Inspired by Michael Connelly’s Harry Bosch novels, the Amazon Prime Video police-procedural series Bosch premiered its sixth season on April 17. The show has also been renewed for a seventh and final season, offering one last outing for the eponymous LAPD homicide detective. Cinematographer Patrick Cady, ASC has been behind the camera for roughly half of the show’s 60 episodes to date, going back to Season 1. From the beginning, Cady and his collaborators have sought to create a sense of realism grounded in the show’s Los Angeles locations.
“In my first meeting with showrunner Eric Overmyer and producer Pieter Jan Brugge, I talked about my giant appreciation for [ASC member] Owen Roizman’s photography of the ’70s,” Cady recalls. “Owen has been a huge influence on me. The French Connection, Three Days of the Condor — those movies look and feel so real.” The cinematographer adds that those references particularly informed his approach to lighting Bosch: “We talked a lot about using the city to help us motivate our lighting, so the city’s always present in the show.”
Most recently, Cady has been splitting cinematography duties with Michael McDonough, ASC, BSC. Leading into Season 6, Cady says that they and Brugge looked at director Alan J. Pakula’s paranoia trilogy, comprising Klute, The Parallax View and All the President’s Men, all shot by Gordon Willis, ASC. “We were talking about those three movies, and we also talked about how a larger sensor could allow us to have things go out of focus in the background quicker,” Cady explains. “We would still feel the environment, but the background could be a little softer than normal, so things wouldn’t be quite as clear as they have been in the previous seasons.”
Ultimately, the filmmakers opted to shoot Season 6 with Red cameras with Monstro 8K VV sensors, framing for 7K but capturing 8K to allow for reframing in post as needed. They paired the cameras with a selection of Panavision large-format optics; Primo Artiste primes made up the core of the set, with Primo 70s, Panaspeeds, and expanded zooms rounding out the range.
“When we decided we were going to go with the larger sensor, we tested different lenses from Panavision and we really fell in love with the Artistes,” Cady says. “They are beautifully designed lenses — I describe them as having a creamy look. They’re very gentle in the way they transition through details. There are other lenses out there that are sharper, or more scientifically accurate, but they make things start to look like they’re etched out of glass.”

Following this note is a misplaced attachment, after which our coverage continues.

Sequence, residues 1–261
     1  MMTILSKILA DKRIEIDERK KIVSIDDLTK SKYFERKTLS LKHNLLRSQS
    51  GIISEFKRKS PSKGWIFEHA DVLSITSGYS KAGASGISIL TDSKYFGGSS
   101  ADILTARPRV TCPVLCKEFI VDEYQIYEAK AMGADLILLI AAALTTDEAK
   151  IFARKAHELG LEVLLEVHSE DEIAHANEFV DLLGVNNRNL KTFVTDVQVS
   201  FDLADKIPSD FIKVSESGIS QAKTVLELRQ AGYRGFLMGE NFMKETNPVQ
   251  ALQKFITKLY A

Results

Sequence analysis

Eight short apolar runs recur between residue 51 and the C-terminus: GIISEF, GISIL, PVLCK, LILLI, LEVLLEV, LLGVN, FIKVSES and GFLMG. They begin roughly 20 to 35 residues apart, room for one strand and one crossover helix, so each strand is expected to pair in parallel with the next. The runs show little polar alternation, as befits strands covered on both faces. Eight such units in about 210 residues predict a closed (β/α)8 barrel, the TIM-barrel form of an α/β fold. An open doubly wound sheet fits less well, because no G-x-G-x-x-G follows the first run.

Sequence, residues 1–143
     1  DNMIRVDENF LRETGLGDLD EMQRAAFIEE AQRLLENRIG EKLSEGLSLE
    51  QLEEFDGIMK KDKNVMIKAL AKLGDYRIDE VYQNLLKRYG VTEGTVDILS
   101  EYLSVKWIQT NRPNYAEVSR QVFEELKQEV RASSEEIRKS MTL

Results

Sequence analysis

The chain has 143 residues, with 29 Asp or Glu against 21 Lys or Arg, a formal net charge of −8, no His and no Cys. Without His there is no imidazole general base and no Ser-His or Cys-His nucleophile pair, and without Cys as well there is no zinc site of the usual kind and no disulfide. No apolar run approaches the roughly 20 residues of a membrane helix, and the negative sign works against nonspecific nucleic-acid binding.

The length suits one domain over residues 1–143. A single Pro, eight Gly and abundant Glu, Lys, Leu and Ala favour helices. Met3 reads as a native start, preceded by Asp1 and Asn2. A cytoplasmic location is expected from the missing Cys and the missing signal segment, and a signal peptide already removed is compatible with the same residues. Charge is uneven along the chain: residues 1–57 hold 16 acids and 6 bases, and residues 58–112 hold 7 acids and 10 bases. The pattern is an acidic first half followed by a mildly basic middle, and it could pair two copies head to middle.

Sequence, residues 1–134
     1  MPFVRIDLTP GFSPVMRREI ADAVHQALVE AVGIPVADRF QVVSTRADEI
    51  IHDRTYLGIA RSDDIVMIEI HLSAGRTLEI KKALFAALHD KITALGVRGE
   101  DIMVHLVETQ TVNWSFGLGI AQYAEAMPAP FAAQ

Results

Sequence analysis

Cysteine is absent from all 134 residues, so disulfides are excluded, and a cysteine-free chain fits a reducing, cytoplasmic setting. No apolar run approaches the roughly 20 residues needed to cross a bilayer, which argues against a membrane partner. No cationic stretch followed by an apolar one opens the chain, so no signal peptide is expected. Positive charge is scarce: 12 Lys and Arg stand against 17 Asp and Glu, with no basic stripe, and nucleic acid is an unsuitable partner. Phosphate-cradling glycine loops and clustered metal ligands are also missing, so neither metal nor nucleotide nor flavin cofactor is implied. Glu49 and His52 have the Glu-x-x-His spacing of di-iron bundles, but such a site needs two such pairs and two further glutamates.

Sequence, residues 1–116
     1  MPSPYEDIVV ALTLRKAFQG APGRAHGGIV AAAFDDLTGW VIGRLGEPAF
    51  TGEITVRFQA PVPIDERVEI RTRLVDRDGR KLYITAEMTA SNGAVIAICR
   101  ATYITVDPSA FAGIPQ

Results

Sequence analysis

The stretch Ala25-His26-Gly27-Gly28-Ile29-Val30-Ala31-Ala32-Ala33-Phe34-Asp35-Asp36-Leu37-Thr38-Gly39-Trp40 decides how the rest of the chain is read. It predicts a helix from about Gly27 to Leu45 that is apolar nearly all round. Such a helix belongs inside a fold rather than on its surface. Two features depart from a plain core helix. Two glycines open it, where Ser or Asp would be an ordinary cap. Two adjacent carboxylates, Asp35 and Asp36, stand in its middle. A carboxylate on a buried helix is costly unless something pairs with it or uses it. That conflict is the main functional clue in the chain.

“My whole approach has always been about the way I see the real world,” Cady continues. “I don’t think anyone sees everything perfectly all the time. Our emotions really cloud the way we see things — what our eyes are able to see and what we see in our mind are two different things. So, I tend to use lenses that help me recreate the way I see the world, but maybe a little bit more beautifully. The Primos do that very well, and the Artistes are phenomenally good at that.”
Panavision has provided cameras and lenses to Bosch since Season 1, and Cady’s own relationship with Panavision goes back to the 1990s, when he was living and working in New York City. In addition to shooting Bosch, Cady notes, “I’ve been directing quite a lot lately, and when I see the package come from Panavision, I know I don’t have to worry about the equipment working. It’s just one of those things that I can trust. When I see the gear’s got that Panavision logo, I just know straightaway that it’s going to work.”
Light Iron provided finishing services for Bosch Season 6, with the final grade handled by supervising colorist Scott Klein, who has worked on the series from the beginning. “One of the big advantages on Bosch,” Cady attests, “is that Pieter Jan Brugge is a really visual producer, and what we do is he, Michael McDonough and I will color all the episodes together — we’re all in the room with Scott. And it works out really well because we’ve all been together from the prep. So we leave Scott’s room feeling all together on the look of the show.”
Cady and Klein have been working together for many years, and consequently they’ve formed an intuitive understanding that helps streamline their creative process. “Scott is able to walk that line of being a scientist and an artist, which is a huge benefit,” Cady says. “We can have conversations about IRE values, where to place skin tones, and what we want the highlight roll-off to look like, as well as talking about plugging in a look from a painting or film. Either way, he knows what I mean.
“For example,” the cinematographer adds, “if I say, ‘We need to dirty up those shadows,’ he knows I’m talking about adding a green-cyan into the mix, and he understands what it means for the show. He can say the same thing to me, and I know what he means. It’s easy to bridge those creative-slash-technical conversations.”
This thought is echoed by Klein himself: “Patrick’s a great friend of mine, and we’ve got such a good understanding now that I can guess what he’s looking for with certain shots. Sometimes when I’m going ahead and exploring scenes on my own, something might seem a little off-balance in the LUT. Maybe it’s got a bit of a green tone, and I might then press the green in because I know that’s what he wants. I might also experiment with running a scene partially off-color while keeping the mid-lights or skin tones clean, providing a counterpoint for the toxic undertone.
“Patrick’s work is rich with well-thought-out creative details, and It’s super-fun to imagine what lighting mix he was toying with on set,” Klein continues. “I always look forward to working with him — the shorthand we have is amazingly valuable. Plus, he won’t laugh at me if I get it wrong, which is always nice.”